Or to comment or express what we are seeing in the world, and reformulate it with our own ideas…
“We’re all products of what we want to project to the world. Even people who don’t spend any time, or think they don’t, on preparing themselves for the world out there – I think that ultimately they have for their whole lives groomed themselves to be a certain way, to present a face to the world.” Cindy Sherman
Personally, I feel I am an artist. That is the ‘label’ I identify with the most. I think because it feels then like I have more licence to just create with my imagination. To not be confined. But really, labels are not significant. It’s your passion that counts.
I can find beauty in nature, in people, in buildings but also in the trash on the street or in broken and peeling walls – I often find it in grafetti.
I don’t see beauty everywhere – but there is the possibility to see it in anything.
I want to ask you now: what do you want to speak about in your photography? What is motivating and inspiring you?
I’d love to know if you’ve thought about what moves you. What gets you excited to take photos?
Is it something you are conscious of?
I’d love to know – tell us below.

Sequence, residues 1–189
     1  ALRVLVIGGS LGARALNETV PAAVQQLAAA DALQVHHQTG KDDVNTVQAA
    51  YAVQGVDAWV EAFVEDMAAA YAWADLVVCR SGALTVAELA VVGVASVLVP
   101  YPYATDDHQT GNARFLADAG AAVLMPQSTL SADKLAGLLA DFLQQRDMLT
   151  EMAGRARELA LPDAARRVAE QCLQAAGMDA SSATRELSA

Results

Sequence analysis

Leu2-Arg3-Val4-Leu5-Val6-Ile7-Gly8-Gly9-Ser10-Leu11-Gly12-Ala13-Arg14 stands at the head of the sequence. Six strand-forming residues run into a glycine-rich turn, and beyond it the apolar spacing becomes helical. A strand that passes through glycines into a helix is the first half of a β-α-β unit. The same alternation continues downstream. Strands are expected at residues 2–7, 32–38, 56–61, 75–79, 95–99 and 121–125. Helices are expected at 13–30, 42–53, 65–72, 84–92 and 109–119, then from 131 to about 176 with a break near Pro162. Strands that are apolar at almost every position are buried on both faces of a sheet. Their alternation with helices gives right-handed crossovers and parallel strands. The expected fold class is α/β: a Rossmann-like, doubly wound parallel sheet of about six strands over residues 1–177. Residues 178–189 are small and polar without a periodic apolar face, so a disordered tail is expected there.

We’ll be back in a few days with our exploration into the colour blue.
It is still possible to join our Art of the Image online course. We are getting incredible feedback from people – just this morning we received this email from Jill:
“Thank you for creating this course Anthony. I am learning so much, and this last lesson on light has been my favourite so far.
I have been making photos for over 30 years. I think I’ve been in a bit of a rut recently, and struggling to find inspiration in my day to day environment. I love the passion you bring to your teachings, and your explanations are simple and clear.
I wish you had created this course when I started out on my photography journey. But I am grateful to have found you now.”
It’s great seeing the photos being posted, the questions and debates that are happening.
Because we are also seeing that everyone is going at a different pace – some people are on week 6 and some still one week 1, we are keeping the Art of the Image open until the end of the year.
Now – I’ll leave you with one last quote, which made us extraordinarily happy:
“Enthusiasm is the electricity of life. How do you get it? You act enthusiastic until you make it a habit.” Gordon Parks
Have a really great day, and happy photographing,
Anthony and Diana